Typhoon Doksuri began as a tropical storm in the Western Pacific on Sunday morning, according to the United States’ Joint Typhoon Warning Center. By the end of the day, it had been upgraded to a typhoon with maximum winds of 230 kilometers per hour (140 miles per hour), according to Philippines weather agency Pagasa.
The typhoon is now approaching Luzon, the Philippines’ largest and most populous island, where it’s expected to hit the island’s northeastern edge Tuesday local time, bringing up to 10 inches of rainfall.
That could increase to about 18 inches of rainfall by Wednesday as the typhoon intensifies and heads toward the northern part of the South China Sea – spelling potential trouble for Taiwan, Hong Kong, and parts of southern China.
Doksuri, also known as Egay in the Philippines, could become a supertyphoon by late Tuesday or early Wednesday, Pagasa warned – the equivalent of a Category 5 hurricane, the highest and most destructive level on the scale.
At that level, storms can cause catastrophic damage to residential areas, depending on wind speeds and the extent of coastal storm surges.
It could then begin weakening late Wednesday as it enters the Taiwan Strait, Pagasa forecast.
But the typhoon’s exact path is still uncertain, with the Hong Kong Observatory saying over the weekend there were several possible routes it could go.
The typhoon could pass over the island of Taiwan; it could swing south, missing Taiwan and hitting the southern coast of China’s Guangdong instead, including Hong Kong; or it could go north, largely sparing both.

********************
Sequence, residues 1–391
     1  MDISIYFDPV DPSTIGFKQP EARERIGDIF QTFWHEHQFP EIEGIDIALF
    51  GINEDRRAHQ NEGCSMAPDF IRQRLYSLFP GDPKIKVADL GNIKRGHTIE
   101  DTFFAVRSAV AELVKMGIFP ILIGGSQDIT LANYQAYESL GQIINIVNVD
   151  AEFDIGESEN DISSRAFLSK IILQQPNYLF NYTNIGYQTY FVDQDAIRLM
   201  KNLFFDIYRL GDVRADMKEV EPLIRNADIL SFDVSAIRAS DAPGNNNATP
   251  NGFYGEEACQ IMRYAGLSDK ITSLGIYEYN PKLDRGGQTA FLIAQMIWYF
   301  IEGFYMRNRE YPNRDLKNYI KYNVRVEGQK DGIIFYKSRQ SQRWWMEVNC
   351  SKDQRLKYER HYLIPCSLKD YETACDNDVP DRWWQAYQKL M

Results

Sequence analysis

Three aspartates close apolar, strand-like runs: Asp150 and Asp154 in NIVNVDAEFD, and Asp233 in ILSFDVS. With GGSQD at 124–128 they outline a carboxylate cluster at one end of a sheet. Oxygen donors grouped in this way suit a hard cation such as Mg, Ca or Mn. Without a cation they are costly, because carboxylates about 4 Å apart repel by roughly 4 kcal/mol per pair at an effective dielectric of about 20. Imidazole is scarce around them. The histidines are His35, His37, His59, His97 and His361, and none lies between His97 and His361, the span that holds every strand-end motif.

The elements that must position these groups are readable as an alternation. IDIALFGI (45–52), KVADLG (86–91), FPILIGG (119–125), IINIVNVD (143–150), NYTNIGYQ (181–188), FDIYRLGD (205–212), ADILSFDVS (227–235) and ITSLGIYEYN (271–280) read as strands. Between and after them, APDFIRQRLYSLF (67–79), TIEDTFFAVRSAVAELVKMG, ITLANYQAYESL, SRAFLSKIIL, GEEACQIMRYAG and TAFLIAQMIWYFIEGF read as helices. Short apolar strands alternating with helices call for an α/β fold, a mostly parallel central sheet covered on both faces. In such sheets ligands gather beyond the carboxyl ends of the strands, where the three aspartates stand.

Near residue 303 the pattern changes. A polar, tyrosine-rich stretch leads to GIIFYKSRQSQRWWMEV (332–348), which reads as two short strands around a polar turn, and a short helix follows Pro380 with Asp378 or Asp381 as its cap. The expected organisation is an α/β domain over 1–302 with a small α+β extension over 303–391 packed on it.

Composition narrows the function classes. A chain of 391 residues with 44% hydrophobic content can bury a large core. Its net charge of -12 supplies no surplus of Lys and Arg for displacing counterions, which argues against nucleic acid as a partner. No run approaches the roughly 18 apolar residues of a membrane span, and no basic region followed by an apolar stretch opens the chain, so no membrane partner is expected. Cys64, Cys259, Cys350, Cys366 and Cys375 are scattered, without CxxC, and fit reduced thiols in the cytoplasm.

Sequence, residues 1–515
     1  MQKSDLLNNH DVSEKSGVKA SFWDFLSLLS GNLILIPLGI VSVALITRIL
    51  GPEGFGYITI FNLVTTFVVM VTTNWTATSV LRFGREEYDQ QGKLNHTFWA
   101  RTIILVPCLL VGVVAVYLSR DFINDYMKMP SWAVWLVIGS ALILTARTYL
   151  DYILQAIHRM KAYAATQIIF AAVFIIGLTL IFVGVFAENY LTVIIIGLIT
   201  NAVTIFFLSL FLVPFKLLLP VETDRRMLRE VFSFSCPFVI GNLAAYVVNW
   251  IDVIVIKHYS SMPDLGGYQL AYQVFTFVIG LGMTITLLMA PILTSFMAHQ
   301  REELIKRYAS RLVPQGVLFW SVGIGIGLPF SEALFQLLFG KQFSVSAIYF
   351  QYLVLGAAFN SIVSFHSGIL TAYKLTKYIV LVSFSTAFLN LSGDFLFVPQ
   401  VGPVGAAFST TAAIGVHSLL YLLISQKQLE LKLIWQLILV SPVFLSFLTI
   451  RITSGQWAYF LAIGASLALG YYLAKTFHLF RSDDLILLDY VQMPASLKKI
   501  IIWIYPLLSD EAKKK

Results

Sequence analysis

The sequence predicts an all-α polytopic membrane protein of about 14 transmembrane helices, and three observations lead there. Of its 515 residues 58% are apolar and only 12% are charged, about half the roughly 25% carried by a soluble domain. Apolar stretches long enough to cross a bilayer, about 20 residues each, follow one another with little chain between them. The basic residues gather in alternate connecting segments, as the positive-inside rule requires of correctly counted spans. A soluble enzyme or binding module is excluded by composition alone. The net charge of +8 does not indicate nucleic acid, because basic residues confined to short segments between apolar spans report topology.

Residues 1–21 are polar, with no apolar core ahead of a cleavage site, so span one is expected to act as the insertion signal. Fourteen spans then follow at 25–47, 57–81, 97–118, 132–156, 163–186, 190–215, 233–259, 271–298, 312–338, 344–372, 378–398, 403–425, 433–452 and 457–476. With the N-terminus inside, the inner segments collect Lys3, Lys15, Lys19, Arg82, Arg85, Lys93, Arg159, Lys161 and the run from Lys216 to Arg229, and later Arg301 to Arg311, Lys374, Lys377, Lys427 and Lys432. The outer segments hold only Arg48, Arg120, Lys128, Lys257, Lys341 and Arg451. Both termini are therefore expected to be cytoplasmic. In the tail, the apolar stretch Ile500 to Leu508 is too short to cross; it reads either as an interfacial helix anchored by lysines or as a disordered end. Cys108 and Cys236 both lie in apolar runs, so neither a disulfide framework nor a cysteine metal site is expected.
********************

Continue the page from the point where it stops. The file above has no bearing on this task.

The observatory said the typhoon’s final trajectory will be guided by a variety of factors, such as subtropical ridges that bring high atmospheric pressure, or monsoon troughs that bring low pressure.
Communities in the typhoon’s path are now bracing for impact, with Philippine President Ferdinand R. Marcos Jr. suspending all public school classes and closing government offices in the capital region on Monday, except for those performing critical services. The suspension was also in part due to a 3-day strike by transport workers.
Pagasa also urged people living in “highly susceptible” areas to follow evacuation orders and other instructions from local officials.
The Hong Kong Observatory has asked the public to monitor weather announcements, warning the typhoon will bring high heat and thunderstorms ahead of its arrival. The city has just experienced another storm, Typhoon Talim, a week ago, which prompted authorities to close schools and the stock market.
Taiwan’s weather agency said Sunday night it was monitoring the typhoon’s progress, and could issue a warning at sea later Monday or Tuesday. Vessels at sea should be vigilant, and residents should be cautious when going to the beach due to the possibility of large waves, it said.